To claim a home-office deduction, you’ll need to figure out what percentage of your home your office takes up. Once you have that, you can deduct that percent of utilities, such as electricity and heat, as well as mortgage interest, property taxes, home insurance, security expenses, homeowner association fees, home repairs, and maintenance expenses. 

You can also deduct the full cost of a dedicated phone line into the office if you have one, and the full cost of work done on that room, such as painting it.

If you have a car that you use for business, you may be able to deduct some or much of your expenses related to it. Business mileage deductions are worth 54 cents per mile for the 2016 tax year and 53.5 cent per mile for 2017. You can either take the mileage deduction for business use of your car, or you can deduct actual expenses that you kept track of.

Again, the IRS will be looking at returns where numbers are higher than normal. An extreme example might be if you claim that you use your vehicle for business 100 percent of the time.

Another possible red flag is if you deduct an unusually high amount for business entertainment. Be prepared, in the event of an audit, to provide receipts and documentation of where and when meals or other expenses took place, who was present, and how it related to your business.

Deduction for medical expenses

Finally, another major kind of deduction that the IRS might take a close look at is the deduction for medical expenses. An important detail to understand is that, when it comes to deducting medical expenses, you can only deduct the portion of qualifying expenses that exceed 10 percent of your adjusted gross income (AGI). So if your AGI is $75,000 and you have $7,500 or less in qualifying medical expenses, you’ll get no tax relief. If you have $9,000 in qualifying medical expenses, though, you can take a $1,500 deduction.

That 10 percent threshold used to be 7.5 percent, and those 65 or older get to use the 7.5 percent rate through the 2016 tax year. After that, it’s 10 percent for them, too. The 10 percent hurdle can seem high, but if you spend a lot on medical expenses -- which is especially likely if you have a high-deductible health insurance plan -- this deduction may still be worthwhile.

Again, though, there are rules. And again, the IRS will be looking for anything out of the ordinary.

A key rule is that the expenses you deduct must be “qualifying” medical expenses. The IRS provides a long list of allowable ones, along with examples of expenses that don’t qualify.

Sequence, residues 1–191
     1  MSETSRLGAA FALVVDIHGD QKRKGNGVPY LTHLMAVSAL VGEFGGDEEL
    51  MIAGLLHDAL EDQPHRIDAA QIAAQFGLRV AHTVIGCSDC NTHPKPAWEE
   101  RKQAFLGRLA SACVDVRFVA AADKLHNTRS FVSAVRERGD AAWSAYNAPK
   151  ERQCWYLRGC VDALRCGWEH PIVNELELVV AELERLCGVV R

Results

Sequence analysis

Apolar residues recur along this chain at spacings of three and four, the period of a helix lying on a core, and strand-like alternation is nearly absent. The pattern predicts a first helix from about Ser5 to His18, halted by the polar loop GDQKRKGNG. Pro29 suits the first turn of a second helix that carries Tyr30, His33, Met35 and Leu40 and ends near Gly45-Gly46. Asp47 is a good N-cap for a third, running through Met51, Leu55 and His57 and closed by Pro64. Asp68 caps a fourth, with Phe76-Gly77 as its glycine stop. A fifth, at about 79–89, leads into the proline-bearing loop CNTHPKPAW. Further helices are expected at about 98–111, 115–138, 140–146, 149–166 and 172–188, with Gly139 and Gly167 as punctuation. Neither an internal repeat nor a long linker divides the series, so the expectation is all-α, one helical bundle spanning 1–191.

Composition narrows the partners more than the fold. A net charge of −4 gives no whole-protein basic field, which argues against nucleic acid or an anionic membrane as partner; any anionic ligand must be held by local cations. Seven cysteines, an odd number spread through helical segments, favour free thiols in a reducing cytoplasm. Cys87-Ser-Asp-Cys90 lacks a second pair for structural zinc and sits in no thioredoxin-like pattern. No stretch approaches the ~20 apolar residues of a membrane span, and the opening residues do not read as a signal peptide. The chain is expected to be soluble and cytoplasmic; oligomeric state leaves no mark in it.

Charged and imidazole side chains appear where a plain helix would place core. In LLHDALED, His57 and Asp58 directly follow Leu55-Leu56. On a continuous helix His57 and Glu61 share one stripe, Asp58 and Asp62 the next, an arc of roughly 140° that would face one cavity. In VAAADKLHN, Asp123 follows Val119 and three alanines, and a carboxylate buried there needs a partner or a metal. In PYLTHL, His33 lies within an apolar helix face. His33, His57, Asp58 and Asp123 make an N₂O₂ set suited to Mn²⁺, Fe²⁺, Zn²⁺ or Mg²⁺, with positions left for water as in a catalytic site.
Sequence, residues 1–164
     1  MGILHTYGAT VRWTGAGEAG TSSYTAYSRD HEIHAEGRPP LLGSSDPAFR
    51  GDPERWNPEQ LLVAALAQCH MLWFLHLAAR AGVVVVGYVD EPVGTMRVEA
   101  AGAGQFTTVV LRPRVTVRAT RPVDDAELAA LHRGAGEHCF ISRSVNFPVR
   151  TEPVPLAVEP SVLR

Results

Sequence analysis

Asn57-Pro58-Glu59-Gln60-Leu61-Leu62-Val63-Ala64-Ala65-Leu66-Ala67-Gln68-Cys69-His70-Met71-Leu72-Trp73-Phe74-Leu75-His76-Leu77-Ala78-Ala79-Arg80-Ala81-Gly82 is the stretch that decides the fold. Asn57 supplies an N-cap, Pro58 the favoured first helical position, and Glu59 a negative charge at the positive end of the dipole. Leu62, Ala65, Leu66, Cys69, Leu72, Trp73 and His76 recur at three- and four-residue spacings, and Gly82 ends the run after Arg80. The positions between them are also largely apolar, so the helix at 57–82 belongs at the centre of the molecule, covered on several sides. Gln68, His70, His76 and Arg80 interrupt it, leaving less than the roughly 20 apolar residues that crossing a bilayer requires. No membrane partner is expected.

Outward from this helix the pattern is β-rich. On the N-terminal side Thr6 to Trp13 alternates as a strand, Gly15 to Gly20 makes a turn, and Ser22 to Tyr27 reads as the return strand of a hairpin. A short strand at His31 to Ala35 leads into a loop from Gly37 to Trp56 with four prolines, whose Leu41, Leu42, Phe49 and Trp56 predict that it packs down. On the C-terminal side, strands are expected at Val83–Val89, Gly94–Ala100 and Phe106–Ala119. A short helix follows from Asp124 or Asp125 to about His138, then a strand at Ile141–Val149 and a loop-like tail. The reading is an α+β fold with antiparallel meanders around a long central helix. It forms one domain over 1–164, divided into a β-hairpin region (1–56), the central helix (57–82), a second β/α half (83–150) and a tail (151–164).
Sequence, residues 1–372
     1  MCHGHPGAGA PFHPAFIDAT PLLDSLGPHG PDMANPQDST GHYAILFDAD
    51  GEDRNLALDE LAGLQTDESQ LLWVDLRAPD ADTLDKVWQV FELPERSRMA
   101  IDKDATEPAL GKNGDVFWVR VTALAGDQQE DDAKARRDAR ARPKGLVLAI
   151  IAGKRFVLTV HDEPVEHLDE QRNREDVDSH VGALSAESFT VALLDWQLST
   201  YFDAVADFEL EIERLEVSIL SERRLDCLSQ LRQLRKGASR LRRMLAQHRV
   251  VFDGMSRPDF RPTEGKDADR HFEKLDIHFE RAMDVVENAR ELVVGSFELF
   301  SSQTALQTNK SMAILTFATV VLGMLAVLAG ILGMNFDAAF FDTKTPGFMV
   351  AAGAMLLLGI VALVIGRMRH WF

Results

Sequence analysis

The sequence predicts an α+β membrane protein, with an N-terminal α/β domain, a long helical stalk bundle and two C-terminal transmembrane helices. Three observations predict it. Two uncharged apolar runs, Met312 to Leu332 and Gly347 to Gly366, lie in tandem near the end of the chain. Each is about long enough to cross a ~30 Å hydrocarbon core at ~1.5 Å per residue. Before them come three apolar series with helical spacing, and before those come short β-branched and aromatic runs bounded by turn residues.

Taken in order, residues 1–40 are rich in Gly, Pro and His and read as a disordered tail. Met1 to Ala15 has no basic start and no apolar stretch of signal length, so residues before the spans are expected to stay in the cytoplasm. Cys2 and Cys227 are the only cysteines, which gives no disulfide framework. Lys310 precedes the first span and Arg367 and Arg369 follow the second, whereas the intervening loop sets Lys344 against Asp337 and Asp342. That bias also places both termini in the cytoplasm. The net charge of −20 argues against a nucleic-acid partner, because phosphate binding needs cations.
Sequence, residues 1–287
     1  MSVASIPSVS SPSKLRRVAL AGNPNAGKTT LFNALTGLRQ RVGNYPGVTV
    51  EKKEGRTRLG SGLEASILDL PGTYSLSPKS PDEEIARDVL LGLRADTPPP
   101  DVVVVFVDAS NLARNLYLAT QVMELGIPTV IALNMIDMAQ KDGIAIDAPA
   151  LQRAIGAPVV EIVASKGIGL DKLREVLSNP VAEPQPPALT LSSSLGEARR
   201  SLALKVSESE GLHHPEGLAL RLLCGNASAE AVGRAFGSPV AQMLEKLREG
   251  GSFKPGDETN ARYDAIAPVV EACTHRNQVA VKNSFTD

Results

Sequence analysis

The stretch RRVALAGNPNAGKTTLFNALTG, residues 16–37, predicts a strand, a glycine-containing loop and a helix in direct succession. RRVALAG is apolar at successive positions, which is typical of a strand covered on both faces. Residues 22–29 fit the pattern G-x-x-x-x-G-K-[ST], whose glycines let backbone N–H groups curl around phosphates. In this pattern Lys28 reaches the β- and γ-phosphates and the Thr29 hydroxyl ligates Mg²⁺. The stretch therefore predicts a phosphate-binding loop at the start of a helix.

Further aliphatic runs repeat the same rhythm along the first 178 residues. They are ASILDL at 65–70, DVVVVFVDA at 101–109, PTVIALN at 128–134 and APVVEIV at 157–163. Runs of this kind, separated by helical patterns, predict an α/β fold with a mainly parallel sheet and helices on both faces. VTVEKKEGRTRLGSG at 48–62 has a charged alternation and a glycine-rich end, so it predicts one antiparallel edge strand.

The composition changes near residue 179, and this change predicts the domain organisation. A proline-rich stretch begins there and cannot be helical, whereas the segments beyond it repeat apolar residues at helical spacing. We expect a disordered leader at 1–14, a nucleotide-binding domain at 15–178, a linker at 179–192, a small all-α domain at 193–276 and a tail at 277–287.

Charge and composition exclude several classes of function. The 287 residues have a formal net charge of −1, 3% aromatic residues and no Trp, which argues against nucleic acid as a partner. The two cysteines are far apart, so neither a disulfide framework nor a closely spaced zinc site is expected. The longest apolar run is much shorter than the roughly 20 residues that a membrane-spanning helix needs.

Many allowable ones are related to the following: acupuncture, alcoholism treatment, ambulance rides, birth control pills, breast pumps, contact lenses, crutches, dental treatments, diagnostic devices, drug addiction treatment, drugs, eye exams, fertility treatments, hearing aids, home-care services, home improvements, lab fees, long-term care, nursing services, psychological counseling, smoking cessation programs, surgeries, therapies, weight-loss programs, wheelchairs, wigs, and x-rays.

That’s not a comprehensive list, though, and some expenses related to some of those items won’t qualify. A gym membership, for example, is not deductible, even if it’s for weight-loss purposes. Other not-allowable expenses include teeth-whitening, cosmetic surgery, hair removal, hair transplants, dancing lessons, maternity clothes, nonprescription drugs, and veterinary fees.

You can run afoul of the law if you claim a deduction for a medical expense that you were actually reimbursed for by your insurance company.

If your employer provides health insurance for you and pays part of your premium, you can’t deduct the portion paid by your employer. Your own portion may also not be deductible if it is paid via pretax dollars (i.e., deducted from your paycheck on a pretax basis).

Self-employed people catch a break here, as they don’t have to meet the 10 percent threshold and don’t even have to itemize. If you’re self-employed and are reporting a profit for the year, you may be able to deduct your health insurance premiums, as well as premiums for qualifying long-term care policies for yourself, your spouse and dependents.

You may have legitimate charitable, business and/or medical deductions to take on your tax return. If you do, go ahead and claim them. An audit will be unlikely, but if it happens, you’ll be fine as long as you can back up your claims with documentation.

This article originally appeared on the Motley Fool